Hollywood performers union SAG-AFTRA on Thursday said it is not an actor's job to be a firearms expert, in a statement defending actor Alec Baldwin, who is facing a criminal charge in New Mexico for his role in the accidental deadly shooting on the set of western movie "Rust."
Baldwin last week was again charged with involuntary manslaughter, a fourth-degree felony carrying a maximum penalty of 18 months in prison in the event of conviction.
While rehearsing a scene for the movie in October 2021, Baldwin was demonstrating how he would perform a cross-body draw of his prop revolver when the weapon fired a live bullet that killed cinematographer Halyna Hutchins and wounded director Joel Souza. Baldwin maintains that he did not pull the trigger.
SAG-AFTRA said guidelines "do not make it the performer’s responsibility to check any firearm" and that "anyone issued a firearm on set must be given training and guidance in its safe handling and use, but all activity with firearms on a set must be under the careful supervision and control of the professional armorer and the employer."
"An actor’s job is not to be a firearms or weapons expert," SAG-AFTRA said in a statement on Thursday. "Firearms are provided for use on set under the guidance of multiple expert professionals directly responsible for the safe and accurate operation of that firearm."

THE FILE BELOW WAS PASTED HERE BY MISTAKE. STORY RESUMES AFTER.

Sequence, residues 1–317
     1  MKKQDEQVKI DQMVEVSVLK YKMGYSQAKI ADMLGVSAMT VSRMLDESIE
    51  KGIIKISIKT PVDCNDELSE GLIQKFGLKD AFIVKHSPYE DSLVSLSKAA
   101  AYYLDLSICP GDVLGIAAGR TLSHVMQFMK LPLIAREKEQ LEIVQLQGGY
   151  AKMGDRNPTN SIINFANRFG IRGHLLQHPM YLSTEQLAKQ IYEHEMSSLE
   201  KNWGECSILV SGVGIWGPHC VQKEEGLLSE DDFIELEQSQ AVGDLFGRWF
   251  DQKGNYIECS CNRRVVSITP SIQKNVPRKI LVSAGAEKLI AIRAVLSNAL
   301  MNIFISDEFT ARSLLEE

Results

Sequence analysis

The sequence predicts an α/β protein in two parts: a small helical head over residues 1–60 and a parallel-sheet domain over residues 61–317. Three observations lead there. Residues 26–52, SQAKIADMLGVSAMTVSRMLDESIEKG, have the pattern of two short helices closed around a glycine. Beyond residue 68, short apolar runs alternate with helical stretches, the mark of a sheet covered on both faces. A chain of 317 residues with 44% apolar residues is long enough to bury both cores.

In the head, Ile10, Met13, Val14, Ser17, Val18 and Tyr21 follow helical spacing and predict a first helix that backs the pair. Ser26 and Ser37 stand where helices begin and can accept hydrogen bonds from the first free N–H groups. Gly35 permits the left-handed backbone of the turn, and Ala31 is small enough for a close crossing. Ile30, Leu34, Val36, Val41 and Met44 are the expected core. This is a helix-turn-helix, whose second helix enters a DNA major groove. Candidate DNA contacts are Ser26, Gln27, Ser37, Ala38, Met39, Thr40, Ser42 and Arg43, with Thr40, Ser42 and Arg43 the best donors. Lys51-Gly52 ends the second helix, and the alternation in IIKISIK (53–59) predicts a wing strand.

New Mexico’s prosecution of Baldwin, 65, has been fraught. Last year, the district attorney who oversees Santa Fe County, Mary Carmack-Altwies, filed two involuntary manslaughter charges against Baldwin as well as the film’s armorer, Hannah Gutierrez Reed, who loaded the gun.
After Carmack-Altwies stepped down from the case, Kari T. Morrissey and Jason J. Lewis took over as special prosecutors. In late April, they dropped the charges against the Hollywood star.
But the threat of criminal charges loomed again when the special prosecutors in October said they would convene a grand jury to consider indicting Baldwin.
Gutierrez Reed still faces charges of involuntary manslaughter. She has pleaded not guilty and her case is set to go to trial on Feb. 21.
Staff writer Meg James and Christi Carras contributed to this report.
This story originally appeared in Los Angeles Times.